Tees, surrounds & fairways
We gave these a light fertilizer and iron to help manage growth with some selective herbicide to help kill off unwanted weeds in the swad.
A couple of requests from the greenkeepers which will really help keep the course in the best condition possible for all to enjoy:
- Please remember to repair yours and one another’s pitch marks; if everyone playing the course does this there will be no pitch marks on the greens.
- Please rake bunkers if you go in them and replace divots.
Thank you for your cooperation, and here’s to a great summer of golf ahead.
So with the last time we saw any rain being early June at the time of writing, I’m sure you’ve all noticed the problems we are facing on the course. Managing the water so we can keep the greens in good order is a balancing act to say the least, and we must do this so that we don’t run out of water. We’re now getting to a situation as bad as the summer of 2018, when we went 12 weeks without rain.
I have decided to push back the greens maintenance from August to September due to the weather conditions, as this work is vital to the ongoing program in place to reduce organic matter in our greens. If conditions don’t improve by September, this will be moved again to October. With how unpredictable the weather is becoming, we always have to be ready to adapt to change certain jobs and we will do our best to communicate this with you all.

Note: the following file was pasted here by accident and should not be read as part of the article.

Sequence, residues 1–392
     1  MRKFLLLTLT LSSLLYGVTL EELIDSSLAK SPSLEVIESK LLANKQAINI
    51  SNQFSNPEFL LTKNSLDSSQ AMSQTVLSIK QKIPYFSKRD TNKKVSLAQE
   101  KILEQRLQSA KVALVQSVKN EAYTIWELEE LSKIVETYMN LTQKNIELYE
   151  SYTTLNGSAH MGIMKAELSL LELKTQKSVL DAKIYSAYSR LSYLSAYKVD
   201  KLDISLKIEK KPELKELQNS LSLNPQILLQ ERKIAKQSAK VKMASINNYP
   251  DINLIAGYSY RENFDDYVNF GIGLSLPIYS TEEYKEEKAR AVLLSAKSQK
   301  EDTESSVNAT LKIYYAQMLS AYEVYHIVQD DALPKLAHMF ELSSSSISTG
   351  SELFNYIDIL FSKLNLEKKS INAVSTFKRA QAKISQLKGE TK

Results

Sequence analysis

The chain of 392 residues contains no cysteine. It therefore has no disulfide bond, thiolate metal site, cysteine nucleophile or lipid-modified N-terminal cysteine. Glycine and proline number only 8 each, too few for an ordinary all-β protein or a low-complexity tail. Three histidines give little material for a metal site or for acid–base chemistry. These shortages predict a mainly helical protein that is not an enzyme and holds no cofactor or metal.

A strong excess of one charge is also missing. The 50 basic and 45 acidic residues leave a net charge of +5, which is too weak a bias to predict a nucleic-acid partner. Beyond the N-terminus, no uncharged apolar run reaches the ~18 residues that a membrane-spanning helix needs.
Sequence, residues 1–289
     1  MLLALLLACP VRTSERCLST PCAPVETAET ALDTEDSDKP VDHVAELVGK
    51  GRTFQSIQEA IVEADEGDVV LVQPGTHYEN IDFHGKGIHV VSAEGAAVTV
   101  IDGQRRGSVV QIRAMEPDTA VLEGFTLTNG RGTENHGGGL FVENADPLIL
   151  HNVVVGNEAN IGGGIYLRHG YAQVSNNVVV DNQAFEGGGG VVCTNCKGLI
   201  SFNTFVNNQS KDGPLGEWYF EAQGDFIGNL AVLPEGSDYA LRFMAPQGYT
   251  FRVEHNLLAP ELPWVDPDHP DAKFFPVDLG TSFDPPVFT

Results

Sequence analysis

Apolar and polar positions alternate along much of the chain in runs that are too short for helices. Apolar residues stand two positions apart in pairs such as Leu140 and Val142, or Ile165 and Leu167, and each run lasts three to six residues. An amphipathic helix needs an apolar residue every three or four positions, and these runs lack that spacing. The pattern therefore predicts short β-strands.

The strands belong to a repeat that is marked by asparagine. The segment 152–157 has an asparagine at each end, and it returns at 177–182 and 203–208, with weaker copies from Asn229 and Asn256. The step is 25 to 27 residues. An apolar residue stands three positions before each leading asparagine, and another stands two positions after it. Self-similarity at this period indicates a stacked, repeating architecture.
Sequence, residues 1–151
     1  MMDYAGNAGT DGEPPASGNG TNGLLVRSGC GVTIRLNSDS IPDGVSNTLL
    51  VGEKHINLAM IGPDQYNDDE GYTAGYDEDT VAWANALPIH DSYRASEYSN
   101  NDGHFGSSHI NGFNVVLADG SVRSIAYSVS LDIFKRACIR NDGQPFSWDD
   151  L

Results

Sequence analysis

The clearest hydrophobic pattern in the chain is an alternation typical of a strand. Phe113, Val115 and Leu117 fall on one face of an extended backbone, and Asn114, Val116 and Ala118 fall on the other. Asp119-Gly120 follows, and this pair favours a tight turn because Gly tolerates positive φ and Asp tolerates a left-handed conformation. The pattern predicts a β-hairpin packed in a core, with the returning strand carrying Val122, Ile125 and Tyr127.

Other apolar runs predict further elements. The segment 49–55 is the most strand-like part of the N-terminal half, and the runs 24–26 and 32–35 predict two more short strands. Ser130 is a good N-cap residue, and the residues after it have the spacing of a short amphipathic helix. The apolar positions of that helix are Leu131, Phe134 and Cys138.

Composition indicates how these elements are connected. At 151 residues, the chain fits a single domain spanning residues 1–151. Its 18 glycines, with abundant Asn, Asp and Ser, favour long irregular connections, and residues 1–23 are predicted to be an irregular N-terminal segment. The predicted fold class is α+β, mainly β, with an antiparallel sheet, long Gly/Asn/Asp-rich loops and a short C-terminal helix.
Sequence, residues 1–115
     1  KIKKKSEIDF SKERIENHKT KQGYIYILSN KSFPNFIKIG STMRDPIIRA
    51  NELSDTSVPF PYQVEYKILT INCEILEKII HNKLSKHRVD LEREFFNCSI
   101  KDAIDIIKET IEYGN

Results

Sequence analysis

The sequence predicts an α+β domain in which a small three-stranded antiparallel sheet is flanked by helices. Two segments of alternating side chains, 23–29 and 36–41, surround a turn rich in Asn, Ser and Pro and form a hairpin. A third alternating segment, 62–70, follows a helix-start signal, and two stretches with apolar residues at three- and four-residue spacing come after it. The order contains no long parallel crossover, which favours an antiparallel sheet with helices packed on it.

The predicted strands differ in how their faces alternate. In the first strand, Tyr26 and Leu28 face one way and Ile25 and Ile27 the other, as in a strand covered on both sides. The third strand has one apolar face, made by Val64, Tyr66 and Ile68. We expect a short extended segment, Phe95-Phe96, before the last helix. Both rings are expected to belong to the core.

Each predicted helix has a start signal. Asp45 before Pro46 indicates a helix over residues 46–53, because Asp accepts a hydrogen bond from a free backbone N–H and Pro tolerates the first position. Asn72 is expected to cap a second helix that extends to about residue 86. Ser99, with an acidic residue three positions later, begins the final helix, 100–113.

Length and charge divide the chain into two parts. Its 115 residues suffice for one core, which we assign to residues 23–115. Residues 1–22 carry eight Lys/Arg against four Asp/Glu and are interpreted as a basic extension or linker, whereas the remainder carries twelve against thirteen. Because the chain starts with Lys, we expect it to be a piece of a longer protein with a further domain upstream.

Generally speaking, the greens are doing well for this time of year with only a couple breaking out in a little disease. The team is also managing dry patches across certain greens with hand watering (a lot). A double verti cut, spike and feed were done this month to help greens cope through this period.
We’ve had a couple of problems with the irrigation system such as sprinklers breaking, but being replaced quickly so as not to cause too many issues.
Starting this month we will be watering tees just to keep them alive. As we are now seeing high levels of wear across most of the tees and with no rain forecast we are unsure when we will see any recovery to these areas. Again, this is a balancing act with what water we have, so they won’t be being watered to a point where they are a lovely green and soft, but rather so the grass doesn't die completely. Work will intensify to these areas as soon as weather turns, with a scarify to pull away dead grass so that we can then overseed and divot.
The practice net and bunker are in full use now and great to see golfers using both these areas. A main water line was installed to the first tee and I hope you’ve all been taking full advantage of it in the last month.
Bunkers are always a big talking point through the seasons, with discussions about the amount of sand in each bunker as well as what it takes to maintain them.
Every spring a full edging is done with sand moved around bunkers evenly; a 2' lip between grass and sand is what we aim to achieve as this helps keep a sharp tidy edge but also stops grass being able to grow into the sand easily. A complete spray of sand with weed killer is done to stop any roots retaking.
Every two weeks bunker edges are strimmed, once a month weed killer is applied, and every week we rake bunkers whilst also keeping an eye out for sand falling back down slopes to push up when possible.
What we all need to remember is that in summer when sand dries out completely there is no structure left in sand, so as you plant your feet to get a firm base your feet will bury down to the base of the bunker and sand covering your feet will make it seem as though there is much more sand than there is.
Also sand will fall down slopes as there is no structure due to lack of moisture, so there will be more sand at bottoms of slopes which we do try to push back up, but as you can imagine does not stay there for long.